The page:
COLOR Diamond color is graded on a scale of the alphabet, using letters D through Z. The letters A, B, and C aren’t used. This is because when the Gemological Institute of America invented the scale they wanted to disassociate it from jewelry stores that used their own color grade scales. The colors D, E, and F are considered to be completely colorless. D is of course, the best. Some famous diamonds are actually leaning towards the Z end of the scale but aren’t quite “Fancy colored”, like the faint yellow 55-carat Sancy Diamond. The largest known D-color diamond in the world is the Centenary, which weighs 273.85 carats. The second largest is probably the Millennium Star, which weighs 203.04 carats. Some diamonds do not fit onto the scale, such as fancy colored diamonds. Diamonds occur in every color of the rainbow. The rarest colors are red and purple, and combinations of those two colors. Yellow and brown are the most common color of diamond, but colorless is the most popular as far as jewelry is concerned. (Colored diamonds are very gradually appearing in more and more jewelry stores as they become more well-known.) Blues and greens are very rare, especially naturally colored stones. Some lightly colored diamonds (light light pink, light light blue, ect.) are irradiated to make their color more intense. This means that low fields of radiation are beamed into the cut and polished stone, darkening the outer part of the stone all the way around. The process is permanent and professionally accepted in the diamond industry. Probably the largest irradiated diamond is the Deepdene, a 104.88-carat golden yellow cushion shaped stone.
A natural fancy colored diamond will cost you much much more than an irradiated one. Such well known diamonds as the Hope, the Dresden Green, the Tiffany Yellow, the Conde Pink, and Sultan of Morocco, the Transvaal Blue, the Wittelsbach, the Agra, and the Great Chrysanthemum are all very very unique because they were not irradiated. One remarkable stone, the Dresden Green, stands out amoung the naturals. It is the largest green diamond in the world at 40.70 carats. The fact it is an historic diamond, quite large and a natural green color with a slight blue overtone makes it virtually priceless. The Hope is also very unusual for the same reasons, but much more famous. The stone was originally a rather flat, blocky 110-carat rough. It was cut into a triangular pear of 68 carats, and then again into the 45.52-carat cushion cut it is today. The Conde Pink is a pear shaped 9.01-carat pink stone once owned by Louis XIII, also a naturally colored diamond.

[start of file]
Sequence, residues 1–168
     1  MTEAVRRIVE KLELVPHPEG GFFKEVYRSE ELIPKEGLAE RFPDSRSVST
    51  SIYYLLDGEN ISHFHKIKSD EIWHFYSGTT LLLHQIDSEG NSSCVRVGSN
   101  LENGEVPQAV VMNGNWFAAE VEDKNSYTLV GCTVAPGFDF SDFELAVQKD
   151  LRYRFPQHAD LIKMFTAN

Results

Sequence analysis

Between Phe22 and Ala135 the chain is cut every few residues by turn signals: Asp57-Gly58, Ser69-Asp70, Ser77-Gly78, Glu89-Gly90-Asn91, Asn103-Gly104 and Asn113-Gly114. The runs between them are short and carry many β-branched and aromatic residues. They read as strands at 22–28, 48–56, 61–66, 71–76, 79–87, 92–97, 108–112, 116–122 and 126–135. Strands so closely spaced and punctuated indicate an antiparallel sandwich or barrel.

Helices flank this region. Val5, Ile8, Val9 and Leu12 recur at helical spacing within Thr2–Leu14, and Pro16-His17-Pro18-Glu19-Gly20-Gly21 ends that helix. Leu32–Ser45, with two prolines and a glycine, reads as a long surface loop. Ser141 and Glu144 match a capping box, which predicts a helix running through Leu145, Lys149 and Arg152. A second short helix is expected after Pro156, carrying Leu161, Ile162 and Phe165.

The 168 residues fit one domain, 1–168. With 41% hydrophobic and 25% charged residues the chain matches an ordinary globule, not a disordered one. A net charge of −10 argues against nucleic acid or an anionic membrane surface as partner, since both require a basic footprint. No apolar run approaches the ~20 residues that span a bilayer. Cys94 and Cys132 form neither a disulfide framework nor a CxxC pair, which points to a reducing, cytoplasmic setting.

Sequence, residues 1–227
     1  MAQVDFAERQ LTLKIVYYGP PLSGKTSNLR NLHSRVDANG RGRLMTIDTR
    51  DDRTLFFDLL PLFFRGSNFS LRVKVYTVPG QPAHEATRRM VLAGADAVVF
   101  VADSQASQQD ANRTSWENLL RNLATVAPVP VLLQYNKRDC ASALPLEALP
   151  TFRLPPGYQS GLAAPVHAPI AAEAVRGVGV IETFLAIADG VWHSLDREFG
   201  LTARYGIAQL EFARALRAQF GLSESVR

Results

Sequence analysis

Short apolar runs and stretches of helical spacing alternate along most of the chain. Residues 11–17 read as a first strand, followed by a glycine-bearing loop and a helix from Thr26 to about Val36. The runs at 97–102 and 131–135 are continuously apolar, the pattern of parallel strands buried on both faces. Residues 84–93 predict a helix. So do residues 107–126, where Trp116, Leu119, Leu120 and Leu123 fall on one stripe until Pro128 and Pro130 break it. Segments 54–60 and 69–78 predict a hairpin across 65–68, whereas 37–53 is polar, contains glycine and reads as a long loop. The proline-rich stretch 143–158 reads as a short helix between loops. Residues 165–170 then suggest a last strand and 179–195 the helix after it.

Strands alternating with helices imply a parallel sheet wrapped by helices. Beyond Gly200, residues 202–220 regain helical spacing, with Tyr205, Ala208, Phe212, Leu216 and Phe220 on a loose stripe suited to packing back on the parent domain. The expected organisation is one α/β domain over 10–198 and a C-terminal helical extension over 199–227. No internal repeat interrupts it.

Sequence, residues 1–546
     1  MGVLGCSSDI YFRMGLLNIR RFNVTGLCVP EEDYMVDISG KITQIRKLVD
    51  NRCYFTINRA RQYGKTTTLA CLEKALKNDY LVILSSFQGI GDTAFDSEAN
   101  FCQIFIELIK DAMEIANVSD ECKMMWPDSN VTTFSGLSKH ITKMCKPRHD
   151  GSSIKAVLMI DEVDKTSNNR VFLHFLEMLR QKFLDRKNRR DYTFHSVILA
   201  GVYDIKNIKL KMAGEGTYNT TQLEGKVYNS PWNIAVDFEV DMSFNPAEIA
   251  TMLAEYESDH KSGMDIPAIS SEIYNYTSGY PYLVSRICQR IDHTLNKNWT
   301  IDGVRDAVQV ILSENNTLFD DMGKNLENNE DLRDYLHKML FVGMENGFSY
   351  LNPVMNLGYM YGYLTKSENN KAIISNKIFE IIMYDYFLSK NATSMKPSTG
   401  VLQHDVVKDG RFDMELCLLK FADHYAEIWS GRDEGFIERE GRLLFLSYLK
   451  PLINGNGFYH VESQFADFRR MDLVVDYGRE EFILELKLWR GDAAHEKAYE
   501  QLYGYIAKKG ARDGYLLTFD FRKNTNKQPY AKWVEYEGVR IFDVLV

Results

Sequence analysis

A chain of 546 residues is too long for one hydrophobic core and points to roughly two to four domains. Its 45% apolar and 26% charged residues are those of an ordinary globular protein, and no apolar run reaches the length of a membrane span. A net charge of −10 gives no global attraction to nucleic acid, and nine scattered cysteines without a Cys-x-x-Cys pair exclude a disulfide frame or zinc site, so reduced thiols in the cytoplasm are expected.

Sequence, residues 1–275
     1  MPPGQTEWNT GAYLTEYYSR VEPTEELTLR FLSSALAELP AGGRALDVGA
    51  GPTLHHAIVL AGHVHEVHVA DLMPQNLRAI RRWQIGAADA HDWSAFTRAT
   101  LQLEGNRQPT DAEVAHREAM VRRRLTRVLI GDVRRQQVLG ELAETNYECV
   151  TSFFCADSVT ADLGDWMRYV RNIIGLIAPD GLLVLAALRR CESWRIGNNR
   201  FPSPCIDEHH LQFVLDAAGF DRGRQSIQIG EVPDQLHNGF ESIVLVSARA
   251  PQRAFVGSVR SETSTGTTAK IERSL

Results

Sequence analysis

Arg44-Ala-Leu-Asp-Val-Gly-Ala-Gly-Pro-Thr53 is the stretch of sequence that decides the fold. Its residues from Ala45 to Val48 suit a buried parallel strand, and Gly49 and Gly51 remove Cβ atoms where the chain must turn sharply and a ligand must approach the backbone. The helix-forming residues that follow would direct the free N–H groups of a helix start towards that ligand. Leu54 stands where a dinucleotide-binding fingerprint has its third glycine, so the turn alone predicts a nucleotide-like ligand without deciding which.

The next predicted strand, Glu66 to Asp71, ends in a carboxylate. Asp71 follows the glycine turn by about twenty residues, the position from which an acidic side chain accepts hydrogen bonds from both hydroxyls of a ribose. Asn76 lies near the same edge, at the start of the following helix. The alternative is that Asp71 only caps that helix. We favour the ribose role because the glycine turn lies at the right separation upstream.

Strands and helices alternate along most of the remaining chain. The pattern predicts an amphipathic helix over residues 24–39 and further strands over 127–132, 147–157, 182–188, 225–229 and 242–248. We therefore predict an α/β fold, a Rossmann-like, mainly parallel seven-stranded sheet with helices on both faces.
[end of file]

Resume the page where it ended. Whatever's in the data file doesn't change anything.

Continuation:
In 1988, Sotheby’s Auction House sold a round, 0.90-carat, VS2 clarity, vivid green of natural color for $663,000 to an American collector. The per-carat price was over $736,000. This per-carat price is second to the 0.95-carat Hancock Red Diamond that sold also at Sotheby’s for $880,000 (or $926,315 per-carat) on April 28, 1987. The stone is rumored to have been bought by a man representing the Sultan of Brunei, who is said to have one of the largest colored diamond collections in the world. All in all, a colored diamond is going to cost more than a colorless one, but colorless diamonds will probably always be more popular in the market.
CARAT Carat weight is the most deciding factor as to the value of a diamond. A well cut diamond of SI1 clarity and a weight of 4.00 carats would be worth alot more than one of the same clarity, but weighing 1.60 carats and VS2 clarity.
The largest faceted diamond in the world is the Golden Jubilee, weighing 545.67 carats. It is a Fancy Brownish-Yellow color and “fire rose cushion cut.” It is unusual also because it has a certain type of rare color banding. The second largest faceted diamond in the world is the Star of Africa, also known as the Cullinan I. It weighs 530.20 carats and is a pear shape with 74 facets. The third largest diamond in the world is the Incomparable. It is a golden yellow-orange color, pear shaped, and weighs 407 carats. The fourth largest faceted diamond in the world is the Cullinan II. It was cut from the same stone as the Star of Africa – aka Cullinan I. It weighs 317.40 carats and is a cusion cut.
Up until 2001, the most valuable diamond (price-per-carat) was the 0.95-carat fancy red Hancock Red that had been sold at auction at Christies, NYC, for $880,000 ($926,315 per-carat). The stone was apparently purchased by a buyer representing the Sultan of Brunei, who reputedly has one of the largest collections of fancy colored diamonds in the world.
Some famous fancy colored diamonds
Original document: http://famousdiamonds.tripod.com